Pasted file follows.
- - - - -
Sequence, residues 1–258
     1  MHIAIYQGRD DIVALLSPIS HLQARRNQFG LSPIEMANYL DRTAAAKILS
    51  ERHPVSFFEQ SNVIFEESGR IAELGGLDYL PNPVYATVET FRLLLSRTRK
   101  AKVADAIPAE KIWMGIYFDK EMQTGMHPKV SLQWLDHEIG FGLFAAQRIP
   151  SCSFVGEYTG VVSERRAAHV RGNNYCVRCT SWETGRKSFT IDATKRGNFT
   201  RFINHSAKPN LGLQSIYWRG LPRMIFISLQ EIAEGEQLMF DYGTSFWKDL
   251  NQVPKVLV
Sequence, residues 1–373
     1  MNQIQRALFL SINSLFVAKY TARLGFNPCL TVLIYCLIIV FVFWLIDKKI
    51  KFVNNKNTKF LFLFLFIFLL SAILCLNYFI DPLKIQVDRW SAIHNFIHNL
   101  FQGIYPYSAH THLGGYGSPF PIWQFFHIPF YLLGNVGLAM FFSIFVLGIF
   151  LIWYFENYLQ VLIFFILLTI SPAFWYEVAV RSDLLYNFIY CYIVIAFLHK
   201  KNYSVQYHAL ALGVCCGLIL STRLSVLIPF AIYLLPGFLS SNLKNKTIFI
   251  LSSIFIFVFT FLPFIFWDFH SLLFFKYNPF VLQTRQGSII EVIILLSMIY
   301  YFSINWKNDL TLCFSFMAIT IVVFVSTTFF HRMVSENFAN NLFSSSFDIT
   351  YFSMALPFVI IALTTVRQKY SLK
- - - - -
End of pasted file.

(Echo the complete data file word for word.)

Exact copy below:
Sequence, residues 1–258
     1  MHIAIYQGRD DIVALLSPIS HLQARRNQFG LSPIEMANYL DRTAAAKILS
    51  ERHPVSFFEQ SNVIFEESGR IAELGGLDYL PNPVYATVET FRLLLSRTRK
   101  AKVADAIPAE KIWMGIYFDK EMQTGMHPKV SLQWLDHEIG FGLFAAQRIP
   151  SCSFVGEYTG VVSERRAAHV RGNNYCVRCT SWETGRKSFT IDATKRGNFT
   201  RFINHSAKPN LGLQSIYWRG LPRMIFISLQ EIAEGEQLMF DYGTSFWKDL
   251  NQVPKVLV
Sequence, residues 1–373
     1  MNQIQRALFL SINSLFVAKY TARLGFNPCL TVLIYCLIIV FVFWLIDKKI
    51  KFVNNKNTKF LFLFLFIFLL SAILCLNYFI DPLKIQVDRW SAIHNFIHNL
   101  FQGIYPYSAH THLGGYGSPF PIWQFFHIPF YLLGNVGLAM FFSIFVLGIF
   151  LIWYFENYLQ VLIFFILLTI SPAFWYEVAV RSDLLYNFIY CYIVIAFLHK
   201  KNYSVQYHAL ALGVCCGLIL STRLSVLIPF AIYLLPGFLS SNLKNKTIFI
   251  LSSIFIFVFT FLPFIFWDFH SLLFFKYNPF VLQTRQGSII EVIILLSMIY
   301  YFSINWKNDL TLCFSFMAIT IVVFVSTTFF HRMVSENFAN NLFSSSFDIT
   351  YFSMALPFVI IALTTVRQKY SLK